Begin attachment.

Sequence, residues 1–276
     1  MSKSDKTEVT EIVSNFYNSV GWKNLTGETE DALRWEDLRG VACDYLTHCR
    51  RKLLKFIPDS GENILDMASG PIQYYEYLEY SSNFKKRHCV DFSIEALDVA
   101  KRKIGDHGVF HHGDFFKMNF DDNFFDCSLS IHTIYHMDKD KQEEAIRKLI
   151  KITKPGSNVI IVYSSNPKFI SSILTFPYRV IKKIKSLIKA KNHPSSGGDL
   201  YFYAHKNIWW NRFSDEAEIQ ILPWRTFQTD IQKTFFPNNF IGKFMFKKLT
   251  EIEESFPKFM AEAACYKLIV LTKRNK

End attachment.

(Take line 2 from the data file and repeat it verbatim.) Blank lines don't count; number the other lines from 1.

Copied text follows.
     1  MSKSDKTEVT EIVSNFYNSV GWKNLTGETE DALRWEDLRG VACDYLTHCR